3. To explore the mysterious dug-out tunnels and carry out inventories (of bones, eggs, claw fragments...) which will help identify the nature of the animal.
By the riverbank, a huge hole... No known animal could dig something of this size.
4. To continue the collection of first hand visual testimonies from the local populations, in order to construct a precise cartography of the areas frequented by the animal and progress onto establishing its ethnology.
Sketche of the Mokele-Mbembe by one of the Congo Basin area inhabitants.
Beyond an eventual first-class scientific discovery, this adventure also wishes to raise public awareness about the various threats facing a region which is so poorly understood, including its unequaled biodiversity, the immense natural resources, and the local population rich in ancestral culture. Deforestation, poaching, industrial exploitation...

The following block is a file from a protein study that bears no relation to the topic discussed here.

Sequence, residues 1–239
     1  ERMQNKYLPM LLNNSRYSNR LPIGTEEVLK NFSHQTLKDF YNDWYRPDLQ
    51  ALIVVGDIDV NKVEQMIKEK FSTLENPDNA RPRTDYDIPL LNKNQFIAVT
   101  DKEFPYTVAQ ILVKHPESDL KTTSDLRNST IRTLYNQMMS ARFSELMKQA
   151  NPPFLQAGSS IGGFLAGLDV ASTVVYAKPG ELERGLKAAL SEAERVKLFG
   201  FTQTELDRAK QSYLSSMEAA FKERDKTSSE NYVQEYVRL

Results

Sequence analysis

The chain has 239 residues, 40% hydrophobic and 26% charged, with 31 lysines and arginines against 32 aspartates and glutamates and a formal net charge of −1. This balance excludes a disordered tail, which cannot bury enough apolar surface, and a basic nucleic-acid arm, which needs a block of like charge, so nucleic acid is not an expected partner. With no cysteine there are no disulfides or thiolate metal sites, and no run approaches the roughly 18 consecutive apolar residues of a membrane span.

Deforestation, poaching... many threats for this paradise land.
THE “LEGEND OF MOKELE-MBEMBE”
The Congo Basin region is spread out over several countries including Cameroon, the Republic of the Congo, the Democratic Republic of Congo, Equatorial Guinea, Gabon, and the Central African Republic. Along with the Amazon, this is the world's most primitive forest region as well as one of its least explored. Certain regions of Northern Congo remain, still to this day, totally undiscovered by man.
The Congo Basin area, North Congo.
Science estimates that there are in existence between 8 and 30 million living species on the planet. To this day, only 1.8 million have been identified. Millions if species, animal and vegetal, remain to be discovered. As far back as the start of the twentieth century, numerous accounts have been documented testifying to the existence of an elephant-sized animal in the Congo Basin that has a long neck and the head of a serpent, and which walks on all-fours with a massive tail trailing behind it.